3 Types of stakeholders in UX research: Managing expectations and gaining trust

Stakeholder management is at the core of UX research. If your stakeholders aren’t ready to listen or if they have the wrong expectations, it doesn’t matter how interesting your insights are.

At Belka, research is an important part of our product design process: in the last year alone, we interviewed over a hundred users for 15 projects. We’ve found that managing stakeholders’ expectations is the single most important factor to ensure the success of a UX research project.

But not all stakeholders are alike. Over time, we’ve seen a pattern that led us to identify three main types of stakeholders in UX research.

In this article, we will talk about these three types we’ve come across: the Novice, the Enthusiast, and the Skeptic. We’ll discuss the unique challenges of working with each type of stakeholder, and suggest strategies for effective communication and collaboration that will maximize the impact of your work.

1. The Novice Stakeholder

“Let’s start with this thing … [makes an Italian hand gesture] … what did you call it? ‘Research with a user’? ‘User research’? Yes, that one!”

The Novice Stakeholder may never have heard of user research, or they may only be vaguely familiar with the concept. They’ll probably be hesitant to invest in it until they see how it can benefit their product. But they’re willing to listen! They just need someone to introduce them to this new world.


  • No common language. The Novice Stakeholder will not really have the vocabulary to discuss user research with you. (See the quote above, from one of Belka’s recent clients.)

  • Identifying relevant topics to research. Not having experience with user research, the stakeholder will probably not come to you with a formulated research request. You’ll have to suggest a topic for user research after running into some uncertainties that make it difficult to make decisions about the product.

Working with the Novice Stakeholder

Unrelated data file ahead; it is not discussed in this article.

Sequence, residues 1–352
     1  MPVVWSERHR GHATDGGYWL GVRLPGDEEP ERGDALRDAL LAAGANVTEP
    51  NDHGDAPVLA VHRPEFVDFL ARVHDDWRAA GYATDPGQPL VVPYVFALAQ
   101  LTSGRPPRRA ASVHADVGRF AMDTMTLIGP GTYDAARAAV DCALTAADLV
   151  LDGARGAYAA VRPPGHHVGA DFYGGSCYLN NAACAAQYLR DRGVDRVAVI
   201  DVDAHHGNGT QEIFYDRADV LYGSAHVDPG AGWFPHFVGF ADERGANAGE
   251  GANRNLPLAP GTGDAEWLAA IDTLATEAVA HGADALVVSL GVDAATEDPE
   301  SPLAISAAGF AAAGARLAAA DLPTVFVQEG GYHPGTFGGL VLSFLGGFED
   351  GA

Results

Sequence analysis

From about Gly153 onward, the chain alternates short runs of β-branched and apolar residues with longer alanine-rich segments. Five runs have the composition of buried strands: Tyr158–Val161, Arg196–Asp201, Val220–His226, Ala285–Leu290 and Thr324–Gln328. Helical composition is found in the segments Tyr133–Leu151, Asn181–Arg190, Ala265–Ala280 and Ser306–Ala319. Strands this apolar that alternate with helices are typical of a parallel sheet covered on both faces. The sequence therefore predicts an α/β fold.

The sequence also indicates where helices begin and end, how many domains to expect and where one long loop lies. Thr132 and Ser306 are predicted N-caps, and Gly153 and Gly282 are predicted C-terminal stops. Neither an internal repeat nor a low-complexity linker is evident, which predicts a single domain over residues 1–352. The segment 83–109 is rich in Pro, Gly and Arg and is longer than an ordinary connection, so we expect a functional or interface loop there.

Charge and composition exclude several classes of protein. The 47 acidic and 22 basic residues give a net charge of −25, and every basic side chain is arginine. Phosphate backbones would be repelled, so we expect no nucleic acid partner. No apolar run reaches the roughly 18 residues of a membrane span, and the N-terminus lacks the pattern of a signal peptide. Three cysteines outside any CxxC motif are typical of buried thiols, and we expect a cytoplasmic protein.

• Keep it simple. All your fancy concepts — “primary user research,” “benchmark” and all the rest — will be useless to you at this stage. Start with words and ideas that the stakeholder already knows, and then slowly introduce new ones.

  • Locate a source of pain. Start by looking for a blind spot in the product — something like a drop in the onboarding process or a low conversion rate in a specific part of the product. Find something that hurts, and discuss it with the stakeholder who feels that pain the most.

  • Make room for questions. Highlight areas of the product where you’re missing information you need to make an important design decision. Help your Novice Stakeholder get comfortable saying, “We don’t know this.”

Some examples of questions:
– “Do we have data (not opinions) on why X happens?”
– “Do we know the main reasons why a user leaves our product or service?”
– “What keeps you awake at night when you think about your users or product?”
– “Do we know the top 3 needs our users would love to see implemented in our product?”

  • Take a breath. Be patient. The Novice Stakeholder is trying their best, but they don’t know (yet) how to formulate research questions without bias. It’s your job to do it and to explain to them why a certain question works, and another doesn’t. Let stakeholders be product experts, and you be the UX research expert.
  • Make them feel part of the process. Involve your stakeholder in all stages of the project to build trust and understanding. Once you’ve found a research question your stakeholder is interested in, have a 1:1 meeting with them to understand their expectations and worries. Work with them on the research plan, and keep them updated on progress. Invite them to hear some interviews, or invite them to take notes. Help them experience the excitement of discovery.

2. The Enthusiast Stakeholder

“Can we quickly test this new button with two or three users?”

You won’t have to convince the Enthusiast Stakeholder about the usefulness of user research — they’re already a convert! In fact, they may have an excessive belief in research as a cure-all, having heard about it or seen its positive impact on a previous project. Some will want every single feature to be user tested. Others will only want to do interviews because “We already did that and worked so well.”


  • Curbing their enthusiasm. The Enthusiast Stakeholder expects research to have all the answers. They have yet to run into an ambiguous insight or uncertain answer, and they aren’t ready to see a research project fail.

  • Keeping things strategic and realistic. The Enthusiast will be tempted to use research to determine every single decision about the product, even down to the color of the buttons. They’ll want to user test the readability of an article, even if there are already clear guidelines and best practices for it.

Working with the Enthusiast Stakeholder

  • Emphasize limits. Explain how user research can detect problems and find solutions, but that it’s not infallible and cannot predict the future. For example, The Enthusiast might ask you to do a round of interviews to discover if users will use a certain feature. To which we always reply: Research isn’t about asking someone if they eat healthy; it’s asking to see the contents of their fridge.